November 23, 2014
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For instant, Google was buying local company for $400M
NOT FOR SALE: Warwick-based ICOA fell victim to a scam when a press release claimed that Google had purchased the company for $4 million. The release went out on the AP wire, allowing the parties responsible to sell stocks for more than they were worth and turn a profit.

The Associated Press left a little egg on their face yesterday when a press release of dubious origin got past their editors and was passed on to other media outlets, where it laid an egg in the financial and business press, where even a minimal fact-check revealed it to be, well, preposterous:

“Google has bought an operator of Wi-Fi hotspots in high-traffic locations such as airports, hotels and fast-food restaurants. Google Inc. is paying $400 million for ICOA Inc., a Warwick, R.I. company, as part of the search company's efforts to diversify its portfolio,” read the story.

They withdrew the story when other media did some basic fact checking and learned that even ICOA’s optimistic estimate of a staff between 20 to 40 employees is pretty small for a company that would be worth $400 million. ICOA started to dispel the rumor as soon as they heard about it. But not before it was circulated around the world via the Internet and brought all eyes to focus on the small hi-tech company with its home office on Airport Road.

“Thanks for your inquiry and the steps you have taken to verify the validity of the PR [press release]. Unfortunately not all news wires have taken these steps prior to re-circulating a fake PR, ” George Strouthopoulos, CEO of ICOA responded to the Beacon in an email Tuesday.

Strouthopoulos was understandably upset. ICOA is a healthy business and if you have ever gone to a café or stayed in a hotel that offered free wireless computer access, it very well may have been installed by ICOA or one of its national partners. When the FCC sold the rights to broadband frequencies in the 1990s, this was the technology they were anticipating; many small broadband licensees maintaining a network of transmitters capable of broadcasting data in digital form within certain bandwidths. ICOA has been doing well enough, but it isn’t the sort of small or medium-sized high tech company that Google has bought in the past.

“The thing is, I don’t even know these people [PRWeb, the company that disseminated the release],” said Strouthopoulos, 72, who is retired now and a consultant to ICOA. He said he can’t believe that they didn’t fact check it. “We rarely put out any press releases and when we do, we use big companies in Boston or New York, professional public relations people.”

But that’s where AP’s editorial cheeks redden. It issued the following release:

“Associated Press is withdrawing its story about a purported acquisition of ICOA Inc., a wireless and broadband internet provider, by Google Inc. ICOA says the story is not true, and said a purported news release about the acquisition was a hoax. Google declined to comment, but a person close to Google with knowledge of the situation also said the report was not true. The person declined to be named because she wasn't authorized by Google to speak on the record.”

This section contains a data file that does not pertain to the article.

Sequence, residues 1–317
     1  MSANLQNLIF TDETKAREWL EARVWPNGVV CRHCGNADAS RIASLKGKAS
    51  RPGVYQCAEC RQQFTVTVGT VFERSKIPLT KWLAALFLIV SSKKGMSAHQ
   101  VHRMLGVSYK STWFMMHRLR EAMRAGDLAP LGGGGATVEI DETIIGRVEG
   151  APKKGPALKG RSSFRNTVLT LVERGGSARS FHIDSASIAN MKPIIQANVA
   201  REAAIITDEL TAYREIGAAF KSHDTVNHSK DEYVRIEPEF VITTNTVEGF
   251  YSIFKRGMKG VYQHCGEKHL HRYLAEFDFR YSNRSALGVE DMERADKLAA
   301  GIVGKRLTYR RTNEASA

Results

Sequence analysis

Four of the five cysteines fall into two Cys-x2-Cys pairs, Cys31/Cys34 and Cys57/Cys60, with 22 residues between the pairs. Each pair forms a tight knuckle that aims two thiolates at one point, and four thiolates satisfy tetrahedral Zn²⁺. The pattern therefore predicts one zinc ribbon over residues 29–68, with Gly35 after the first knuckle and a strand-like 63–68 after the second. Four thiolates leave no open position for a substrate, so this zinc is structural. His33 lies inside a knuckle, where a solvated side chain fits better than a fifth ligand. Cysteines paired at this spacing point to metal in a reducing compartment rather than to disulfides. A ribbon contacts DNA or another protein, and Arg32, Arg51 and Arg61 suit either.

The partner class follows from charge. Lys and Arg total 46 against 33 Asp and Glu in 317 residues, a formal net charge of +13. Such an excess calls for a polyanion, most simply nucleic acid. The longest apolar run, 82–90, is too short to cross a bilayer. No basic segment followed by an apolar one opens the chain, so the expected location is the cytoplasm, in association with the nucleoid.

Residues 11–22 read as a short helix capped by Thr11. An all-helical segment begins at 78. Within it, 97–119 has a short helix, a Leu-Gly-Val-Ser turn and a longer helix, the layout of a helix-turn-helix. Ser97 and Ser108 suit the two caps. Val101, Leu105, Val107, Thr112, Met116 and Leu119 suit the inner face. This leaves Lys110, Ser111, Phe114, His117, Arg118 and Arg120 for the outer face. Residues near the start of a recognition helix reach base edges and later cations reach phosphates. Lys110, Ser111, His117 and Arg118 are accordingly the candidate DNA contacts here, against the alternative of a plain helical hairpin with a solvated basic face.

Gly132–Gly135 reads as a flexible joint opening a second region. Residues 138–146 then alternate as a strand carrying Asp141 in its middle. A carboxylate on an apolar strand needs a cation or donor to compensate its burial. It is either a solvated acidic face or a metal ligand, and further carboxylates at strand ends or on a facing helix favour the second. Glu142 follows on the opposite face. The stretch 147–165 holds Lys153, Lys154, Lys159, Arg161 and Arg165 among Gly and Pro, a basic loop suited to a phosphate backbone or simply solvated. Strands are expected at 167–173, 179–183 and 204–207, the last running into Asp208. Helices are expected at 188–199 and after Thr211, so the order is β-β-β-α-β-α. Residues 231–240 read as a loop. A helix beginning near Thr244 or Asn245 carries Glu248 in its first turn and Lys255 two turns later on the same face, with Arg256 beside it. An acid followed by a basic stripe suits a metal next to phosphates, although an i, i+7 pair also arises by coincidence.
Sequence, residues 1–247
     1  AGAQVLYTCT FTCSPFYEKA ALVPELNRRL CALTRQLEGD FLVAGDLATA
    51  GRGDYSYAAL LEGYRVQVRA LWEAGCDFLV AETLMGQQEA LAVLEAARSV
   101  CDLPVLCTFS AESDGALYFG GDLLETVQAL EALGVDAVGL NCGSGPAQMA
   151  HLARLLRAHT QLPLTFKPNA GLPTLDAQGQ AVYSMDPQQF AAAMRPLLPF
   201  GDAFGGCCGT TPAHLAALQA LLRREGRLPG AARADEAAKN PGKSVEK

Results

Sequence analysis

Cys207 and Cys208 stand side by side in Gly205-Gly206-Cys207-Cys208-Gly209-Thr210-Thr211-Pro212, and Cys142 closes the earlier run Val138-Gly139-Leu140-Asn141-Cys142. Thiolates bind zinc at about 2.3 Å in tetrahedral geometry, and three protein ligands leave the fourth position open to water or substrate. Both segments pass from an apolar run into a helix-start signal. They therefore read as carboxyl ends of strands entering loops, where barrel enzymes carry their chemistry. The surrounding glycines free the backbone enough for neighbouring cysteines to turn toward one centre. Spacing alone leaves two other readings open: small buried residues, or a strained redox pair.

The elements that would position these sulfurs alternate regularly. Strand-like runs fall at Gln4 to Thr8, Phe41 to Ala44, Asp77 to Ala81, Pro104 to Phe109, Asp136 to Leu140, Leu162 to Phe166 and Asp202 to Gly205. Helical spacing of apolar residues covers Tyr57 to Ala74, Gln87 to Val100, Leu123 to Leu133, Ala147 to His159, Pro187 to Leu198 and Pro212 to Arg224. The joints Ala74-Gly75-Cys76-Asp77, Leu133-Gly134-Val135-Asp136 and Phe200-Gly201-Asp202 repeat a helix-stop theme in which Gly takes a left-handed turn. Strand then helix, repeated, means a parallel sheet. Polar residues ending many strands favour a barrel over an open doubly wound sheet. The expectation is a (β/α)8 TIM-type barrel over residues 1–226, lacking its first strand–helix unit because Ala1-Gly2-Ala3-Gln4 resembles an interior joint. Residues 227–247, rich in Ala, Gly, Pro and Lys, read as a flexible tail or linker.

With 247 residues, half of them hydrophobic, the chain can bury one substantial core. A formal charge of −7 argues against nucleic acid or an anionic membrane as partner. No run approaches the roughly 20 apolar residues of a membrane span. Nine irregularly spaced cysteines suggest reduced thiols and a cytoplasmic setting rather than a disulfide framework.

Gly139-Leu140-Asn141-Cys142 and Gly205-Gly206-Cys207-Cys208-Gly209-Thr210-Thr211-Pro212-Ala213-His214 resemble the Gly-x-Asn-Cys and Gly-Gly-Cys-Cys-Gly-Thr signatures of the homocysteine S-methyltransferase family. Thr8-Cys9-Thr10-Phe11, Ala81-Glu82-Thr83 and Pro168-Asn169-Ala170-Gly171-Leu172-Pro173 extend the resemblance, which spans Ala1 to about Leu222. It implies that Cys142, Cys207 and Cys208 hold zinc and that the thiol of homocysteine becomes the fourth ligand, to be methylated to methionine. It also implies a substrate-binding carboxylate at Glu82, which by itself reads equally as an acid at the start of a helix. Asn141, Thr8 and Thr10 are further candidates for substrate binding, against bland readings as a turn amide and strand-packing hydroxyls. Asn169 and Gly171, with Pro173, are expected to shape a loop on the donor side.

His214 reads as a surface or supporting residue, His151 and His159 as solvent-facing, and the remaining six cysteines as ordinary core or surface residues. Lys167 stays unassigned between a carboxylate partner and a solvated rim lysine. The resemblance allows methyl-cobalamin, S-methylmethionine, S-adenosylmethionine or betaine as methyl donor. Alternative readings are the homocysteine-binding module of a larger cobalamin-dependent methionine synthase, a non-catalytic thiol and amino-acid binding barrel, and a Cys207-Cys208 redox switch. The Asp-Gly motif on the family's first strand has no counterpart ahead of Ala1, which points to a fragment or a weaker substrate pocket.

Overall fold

According to Arik Hesseldahl of the All Things D, an online tech journal, there were a number of red flags that should have caught an editor’s eye:

“There was no financial information saying exactly how shareholders of ICOA would be compensated. Also, ICOA’s market capitalization, according to Yahoo Finance, is less than $850,000, with an enterprise value of $3.15 million,” Hesseldahl continued, “If that press release were true, Google would have been paying a premium amounting to more than 470 times its most recent price, and 126 times its enterprise value.”

Hesseldahl’s conclusion (published Monday afternoon and shared by most of the media by Tuesday) was that the press release that AP relied on was part of a “pump and dump” scam, one of the many that are attempted daily over the Internet.

The scammers often pretend to have insider tip sheets about rising “penny stocks.” Scammers put out huge volumes of these emails announcing a “hot” stock that is literally selling for pennies a share. According to several sources, ICOA’s stock price went from $.01 to $.05 after the phony press release went out.

News outlets pulled or amended their stories as soon as they learned it was a hoax, but not fast enough to prevent the penny stock shares briefly leaping, according to the British newspaper, The Guardian.

“More than 3.321bn shares traded hands before the stock was frozen. ICOA trades about 926,000 shares on an average day.”

The Guardian quoted a small business stock analyst executive who is familiar with the “pump and dump” game. He said he has seen quite a few but was surprised at the audacity of this particularly brazen scheme. The usual scam is to promote a small, obscure company with shares cheap enough for the “marks” to bite. If enough of them bite, the scammers go home with a relatively small haul but usually such frauds avoid high profile companies like Google. Just doing the math gives you an idea how much money could have been made in a few hours of trading. The problem is, given that the size of the company and access to Internet records, as well as trading accounts, the acquisition story was quickly exposed as a fraud. The small business analyst predicted the culprits would soon be identified, but the money may already be gone into bank accounts in Nigeria.